2005 Ford F-250 Super Duty Suspension - Best Of ShowPosted in How To: Suspension Brakes on May 1, 2005
With the absence of front leaf springs under Ford's latest version of the new Super Duty, we decided a friendly bet amongst co-workers was in line to see who would make the biggest splash with a new Super Duty at the 2004 Specialty Equipment Manufacturers' Association (SEMA) show, held last November in Las Vegas. We figured a smaller, more hard-core company would be first to execute a lift for the new five-link Ford. However, despite all our infinite wisdom (or lack thereof), we were wrong. Rancho Suspension surprisingly stirred the biggest buzz at the SEMA convention with its 4-inch kit for the new SD. Not only did Rancho manage to beat most other manufacturers to the market with its kit, they were also able to snag a "Best New Off-Road Product" Award from the fine folks at SEMA. For these two reasons alone, we decided we should line up a ride-and-drive with the people at Rancho to get a feel for the new kit and understand the engineering that went into it. So with a free day in the December slowdown, we took a trip down to Rancho's Southern California R&D facility to see why its new 4-inch kit was named best in show.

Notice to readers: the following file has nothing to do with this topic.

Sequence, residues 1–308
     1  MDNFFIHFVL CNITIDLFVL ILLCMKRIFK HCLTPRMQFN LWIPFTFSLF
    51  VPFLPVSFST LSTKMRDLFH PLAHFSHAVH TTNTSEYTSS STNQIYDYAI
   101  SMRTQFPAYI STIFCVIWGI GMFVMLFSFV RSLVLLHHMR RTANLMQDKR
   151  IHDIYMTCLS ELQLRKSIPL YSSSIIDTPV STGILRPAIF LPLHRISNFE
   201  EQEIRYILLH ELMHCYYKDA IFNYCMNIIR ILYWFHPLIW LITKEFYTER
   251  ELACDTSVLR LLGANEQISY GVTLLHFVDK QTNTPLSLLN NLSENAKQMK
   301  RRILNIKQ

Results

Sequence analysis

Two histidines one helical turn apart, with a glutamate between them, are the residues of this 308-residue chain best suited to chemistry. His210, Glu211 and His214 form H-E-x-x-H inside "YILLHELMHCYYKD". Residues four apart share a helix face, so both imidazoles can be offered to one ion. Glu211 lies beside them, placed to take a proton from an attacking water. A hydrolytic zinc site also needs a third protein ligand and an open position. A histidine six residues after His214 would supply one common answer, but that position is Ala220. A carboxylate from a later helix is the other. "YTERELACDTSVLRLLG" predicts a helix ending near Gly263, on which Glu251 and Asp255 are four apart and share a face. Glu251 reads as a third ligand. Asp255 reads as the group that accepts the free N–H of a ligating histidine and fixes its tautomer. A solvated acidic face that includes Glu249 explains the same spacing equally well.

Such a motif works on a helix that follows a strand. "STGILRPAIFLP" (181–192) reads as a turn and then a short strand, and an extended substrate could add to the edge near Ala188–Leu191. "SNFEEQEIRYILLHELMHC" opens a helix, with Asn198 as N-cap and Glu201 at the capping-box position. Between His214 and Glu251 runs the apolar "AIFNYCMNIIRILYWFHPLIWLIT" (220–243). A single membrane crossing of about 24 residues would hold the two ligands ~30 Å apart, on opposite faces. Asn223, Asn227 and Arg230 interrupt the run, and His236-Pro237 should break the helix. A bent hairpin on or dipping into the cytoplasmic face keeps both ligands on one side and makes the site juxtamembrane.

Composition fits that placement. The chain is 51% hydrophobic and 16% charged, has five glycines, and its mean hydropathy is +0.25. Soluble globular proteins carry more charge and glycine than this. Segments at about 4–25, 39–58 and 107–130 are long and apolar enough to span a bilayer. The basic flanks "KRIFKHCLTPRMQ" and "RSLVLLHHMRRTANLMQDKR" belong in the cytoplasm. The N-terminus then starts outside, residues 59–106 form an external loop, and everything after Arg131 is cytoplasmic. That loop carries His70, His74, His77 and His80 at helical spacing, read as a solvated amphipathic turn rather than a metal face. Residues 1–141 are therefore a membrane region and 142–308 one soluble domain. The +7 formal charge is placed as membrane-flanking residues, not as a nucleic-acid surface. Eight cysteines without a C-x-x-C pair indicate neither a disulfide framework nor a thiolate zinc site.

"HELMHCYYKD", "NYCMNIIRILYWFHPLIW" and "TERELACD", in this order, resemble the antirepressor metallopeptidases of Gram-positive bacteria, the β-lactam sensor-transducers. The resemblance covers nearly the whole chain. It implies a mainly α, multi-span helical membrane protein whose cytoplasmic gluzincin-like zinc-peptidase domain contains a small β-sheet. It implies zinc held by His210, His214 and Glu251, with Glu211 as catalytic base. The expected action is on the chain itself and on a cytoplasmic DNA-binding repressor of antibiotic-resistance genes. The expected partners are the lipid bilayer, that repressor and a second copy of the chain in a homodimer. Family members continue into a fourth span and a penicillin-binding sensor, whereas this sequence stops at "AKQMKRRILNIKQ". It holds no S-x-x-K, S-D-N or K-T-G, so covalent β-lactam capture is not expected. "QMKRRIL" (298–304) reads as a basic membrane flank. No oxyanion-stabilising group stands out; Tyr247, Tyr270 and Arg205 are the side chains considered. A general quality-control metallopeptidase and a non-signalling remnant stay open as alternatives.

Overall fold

We drove Rancho's test-mule Super Duty a good long time to get a feel for the kit over a variety of terrain. We didn't jump it, but we did flog it over some rough stuff. Our honest assessment: The new kit makes the normally rough-riding 3/4-ton Ford pickup seem more like a 1/2-ton with upgraded shocks. We think a large portion of the ride improvement is due to the fully adjustable RS 9000X remote-reservoir Pro Series shock absorbers. With the push of a button we were able to custom-tune the truck's ride. Set the pressure to level 9, and the ride is very firm; set the level to 2, and the feel is similar to that of a new F-150 pickup. We recommend this setup to anyone looking for the ultimate control over shock damping. As for the kit itself, we like the feel of it, but hesitate to recommend the system to anyone who really plans to 'wheel a Super Duty hard. The system's rear block/four-leaf-pack arrangement isn't designed for max articulation, and the shock's relatively small dimensions (2-inch diameter, 5/8-inch shaft) could lead to shock fade under severe use. But if you need a good lift for a tow rig or everyday driver, this system rocks.